Finally, about a week ago Lakisa asked me, quite unexpectedly, about an MMORPG we hadn’t been playing for a couple of years. Honestly, I’d had heavy-heartedly made my peace with the fact that I’d never play it again some time ago, what with the reboot it got in 2017 that, in my opinion, was totally uncalled-for and ‘improved’ an outstanding game very much for the worse. Turns out, though, that the original version can still be played and even has a couple handful of players.

So yeah, we’re back.

Looking stylish as ever…

Don’t be surprised to read some stories about a supposedly dead game around here in the near future. Year number four, here I come.

Should I be worried about ArcheAge Unchained?


We’re closing in on eight months since ArcheAge Unchained’s launch and I’m still playing every day. When I look past the various screw-ups – of which there were many, there’s no way nor reason to sugarcoat that – I see a game that has pretty much everything I want in an MMORPG.

As such the game’s well-being is understandably of great concern to me. Alas, Gamigo’s and XL Games’ current plans make me wonder whether they actually want their game to be successful.

I’m not talking about the fact that the upcoming Garden of the Gods update will be a ‘paid expansion’ although they’d originally said that any future content will be free. Don’t get me wrong, it’s obviously not cool to announce one thing and then do the opposite, however in my opinion it’s actually good that they’ve decided to charge for it.

Why? Because they can’t possibly have made enough money with Unchained up to now to make the whole thing sustainable. Even if they hadn’t openly admitted as much in the forum post linked above it would’ve been obvious to me.


The thing is, the original ArcheAge is very heavily designed to make money with buy-to-progress mechanics. Labor potions, premium houses and farms, vehicle upgrades, stuff to help with gear progression; you name it, they sell it for real money. It’s P2W at its worst. For Unchained they’ve promised not to do any of that – it’s the whole premise and raison d’être for this re-release after all – and until now they adhere to that, which is obviously a good thing.

What they’ve failed to do, though, is to give us enough cool stuff we can spend money on instead. It’s the same mistake Funcom made when The Secret World went free to play. I’ve said before that the ArchePass – now that it works – is too generous with its rewards, and I stand by that. Almost everything one could ever need or want can be bought with diligence coins, and as much as I hate it when games want me to pay through the nose for every little thing I think this really is a big mistake.

Example: mounts. Lots and lots of new mounts and their corresponding bardings have been added to the game in recent months. Each and every one of them went to the diligence shop. Why, I ask? At least half of those absolutely should have gone to the credit shop. They’re all equalized in terms of speed anyway and the skills they have don’t make much of a difference either, so it’s basically just the looks that set them apart. Put the fancier looking ones in the cash shop, and players who are willing and able to spend additional money on the game have something to buy and show off.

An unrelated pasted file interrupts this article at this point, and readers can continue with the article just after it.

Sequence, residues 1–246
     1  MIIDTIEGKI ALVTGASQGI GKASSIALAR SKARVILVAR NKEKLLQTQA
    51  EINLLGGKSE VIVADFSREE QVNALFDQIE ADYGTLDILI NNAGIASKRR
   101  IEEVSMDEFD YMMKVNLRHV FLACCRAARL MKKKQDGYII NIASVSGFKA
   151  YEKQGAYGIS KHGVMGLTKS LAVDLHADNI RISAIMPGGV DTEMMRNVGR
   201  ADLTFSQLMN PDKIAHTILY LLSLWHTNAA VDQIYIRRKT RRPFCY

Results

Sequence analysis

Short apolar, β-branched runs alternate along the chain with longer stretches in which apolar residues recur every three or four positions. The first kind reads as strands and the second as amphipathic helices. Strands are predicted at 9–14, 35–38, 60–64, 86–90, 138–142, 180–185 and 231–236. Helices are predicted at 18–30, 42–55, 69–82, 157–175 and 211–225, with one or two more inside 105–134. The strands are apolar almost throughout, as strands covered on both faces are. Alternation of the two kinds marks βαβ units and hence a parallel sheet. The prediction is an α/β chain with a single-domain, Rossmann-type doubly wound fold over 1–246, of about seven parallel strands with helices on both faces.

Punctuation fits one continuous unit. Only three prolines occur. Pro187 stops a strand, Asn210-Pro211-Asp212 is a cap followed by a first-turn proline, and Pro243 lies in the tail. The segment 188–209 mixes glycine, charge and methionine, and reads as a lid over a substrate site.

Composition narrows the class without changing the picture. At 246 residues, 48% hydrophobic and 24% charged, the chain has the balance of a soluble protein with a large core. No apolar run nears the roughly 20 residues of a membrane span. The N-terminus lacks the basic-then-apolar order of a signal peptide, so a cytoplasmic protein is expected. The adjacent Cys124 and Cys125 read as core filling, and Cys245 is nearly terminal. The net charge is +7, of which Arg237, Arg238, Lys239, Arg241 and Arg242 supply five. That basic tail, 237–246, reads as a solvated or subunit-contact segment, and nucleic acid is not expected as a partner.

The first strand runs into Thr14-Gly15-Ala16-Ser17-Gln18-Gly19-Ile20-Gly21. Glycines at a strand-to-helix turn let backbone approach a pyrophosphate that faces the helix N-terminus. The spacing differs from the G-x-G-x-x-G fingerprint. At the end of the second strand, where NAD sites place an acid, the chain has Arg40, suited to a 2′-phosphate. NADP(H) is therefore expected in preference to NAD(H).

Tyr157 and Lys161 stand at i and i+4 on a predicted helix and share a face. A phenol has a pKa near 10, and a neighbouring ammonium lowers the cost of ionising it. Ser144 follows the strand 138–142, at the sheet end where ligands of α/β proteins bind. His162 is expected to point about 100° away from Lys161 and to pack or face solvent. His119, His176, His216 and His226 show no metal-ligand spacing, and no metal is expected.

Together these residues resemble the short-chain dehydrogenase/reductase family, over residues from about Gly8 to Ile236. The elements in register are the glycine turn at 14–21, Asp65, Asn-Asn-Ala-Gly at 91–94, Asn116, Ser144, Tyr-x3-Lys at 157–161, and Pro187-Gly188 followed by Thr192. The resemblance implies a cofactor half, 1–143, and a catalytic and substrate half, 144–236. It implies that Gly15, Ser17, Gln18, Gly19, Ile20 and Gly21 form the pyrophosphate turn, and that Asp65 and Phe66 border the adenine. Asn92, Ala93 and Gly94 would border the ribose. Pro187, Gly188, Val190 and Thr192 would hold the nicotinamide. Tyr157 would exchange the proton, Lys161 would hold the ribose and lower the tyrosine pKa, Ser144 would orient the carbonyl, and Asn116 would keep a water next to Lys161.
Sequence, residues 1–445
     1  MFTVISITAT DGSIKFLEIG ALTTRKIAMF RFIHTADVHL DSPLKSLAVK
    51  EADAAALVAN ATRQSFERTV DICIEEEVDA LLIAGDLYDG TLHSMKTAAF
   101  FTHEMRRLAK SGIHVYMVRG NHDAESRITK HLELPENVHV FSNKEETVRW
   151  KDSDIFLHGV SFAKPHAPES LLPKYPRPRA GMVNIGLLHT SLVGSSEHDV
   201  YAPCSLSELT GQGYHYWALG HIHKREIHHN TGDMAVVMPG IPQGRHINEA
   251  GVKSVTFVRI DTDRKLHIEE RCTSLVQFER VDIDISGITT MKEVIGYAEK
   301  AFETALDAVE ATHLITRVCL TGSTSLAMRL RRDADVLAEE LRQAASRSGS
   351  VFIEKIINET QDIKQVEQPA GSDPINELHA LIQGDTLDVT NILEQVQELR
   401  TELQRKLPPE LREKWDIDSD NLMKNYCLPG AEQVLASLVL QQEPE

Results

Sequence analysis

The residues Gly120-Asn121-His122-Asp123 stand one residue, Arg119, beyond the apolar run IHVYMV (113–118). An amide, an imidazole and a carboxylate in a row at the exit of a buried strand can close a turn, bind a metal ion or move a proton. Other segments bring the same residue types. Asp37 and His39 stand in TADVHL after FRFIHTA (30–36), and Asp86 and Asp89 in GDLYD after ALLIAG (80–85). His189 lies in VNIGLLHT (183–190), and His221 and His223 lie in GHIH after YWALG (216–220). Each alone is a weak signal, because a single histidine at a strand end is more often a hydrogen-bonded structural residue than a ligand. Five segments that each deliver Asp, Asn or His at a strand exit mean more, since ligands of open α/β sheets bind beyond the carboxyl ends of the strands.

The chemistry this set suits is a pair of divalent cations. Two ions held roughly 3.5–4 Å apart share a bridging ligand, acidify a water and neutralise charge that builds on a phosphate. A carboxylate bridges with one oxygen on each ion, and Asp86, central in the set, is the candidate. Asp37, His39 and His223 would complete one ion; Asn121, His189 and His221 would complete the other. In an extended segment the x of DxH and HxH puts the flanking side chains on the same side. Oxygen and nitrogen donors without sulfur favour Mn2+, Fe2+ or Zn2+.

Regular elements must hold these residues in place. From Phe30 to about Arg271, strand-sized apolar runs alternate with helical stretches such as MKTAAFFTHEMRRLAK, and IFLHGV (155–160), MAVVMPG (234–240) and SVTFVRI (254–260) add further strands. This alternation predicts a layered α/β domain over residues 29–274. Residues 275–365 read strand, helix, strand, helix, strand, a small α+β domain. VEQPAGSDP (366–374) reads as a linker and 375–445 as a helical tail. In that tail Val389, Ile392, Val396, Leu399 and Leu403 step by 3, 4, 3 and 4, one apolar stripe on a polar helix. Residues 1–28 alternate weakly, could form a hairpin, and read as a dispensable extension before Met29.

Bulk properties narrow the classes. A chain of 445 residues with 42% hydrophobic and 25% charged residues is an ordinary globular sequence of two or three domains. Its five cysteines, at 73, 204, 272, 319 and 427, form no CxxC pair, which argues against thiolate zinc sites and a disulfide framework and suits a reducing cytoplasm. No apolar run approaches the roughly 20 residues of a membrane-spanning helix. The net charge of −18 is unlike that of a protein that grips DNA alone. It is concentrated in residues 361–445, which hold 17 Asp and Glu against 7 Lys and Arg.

Pretty much the only thing you can exclusively buy for credits are costumes, and there’s admittedly quite a selection. The problem I see with those is that they’re too expensive (the baseline is around 30$, some cost more, some less), meaning that a lot of players won’t even buy a single one of ’em, and the majority of those who do will probably only buy the one they like the most and use that forever. Also, until a couple of days ago* you couldn’t have more than two characters per account, so an army of alts to buy costumes for is out of the question too.

*You can now buy a token that extends the maximum amount of characters per account to three. It’s still capped at two per server however, and the token is bought with, you guessed it, diligence coins.


The other mistake they’re about to make hasn’t gotten a huge announcement as of yet as far as I’m aware, but the list of goodies included with the two pricier expansion pre-order packs contains this little nugget:

Fresh Start Server Access

Jeez, seriously? The game’s less than eight months old and we’re already getting one of those?

ArcheAge has a long history of such ‘fresh start’ servers, and for the P2W-version of the game they do make sense – in a perverse, demented kind of way. After all each player who chooses to start over has the exciting opportunity to pay hundreds (or thousands) of bucks for all those progression-enhancers and premium items all over again.

For Unchained it is, frankly, fucking stupid no matter how you look at it, and so very, very short-sighted.

The immediate benefit for Gamigo/XL is obviously that each player who wants to play on that server – why anyone would actually want that at this point is beyond me, but to each their own – has to buy at least the expansion’s 30$-package for each account they have.

And that’s it.

They won’t spend much beyond that because, again, there isn’t much to spend money on, fresh start or no, so in a couple of months at the latest we’ll again be where we are right now. Only that the new server may well have done irreversible damage to the playerbase as a whole until then, so we might actually be off much worse.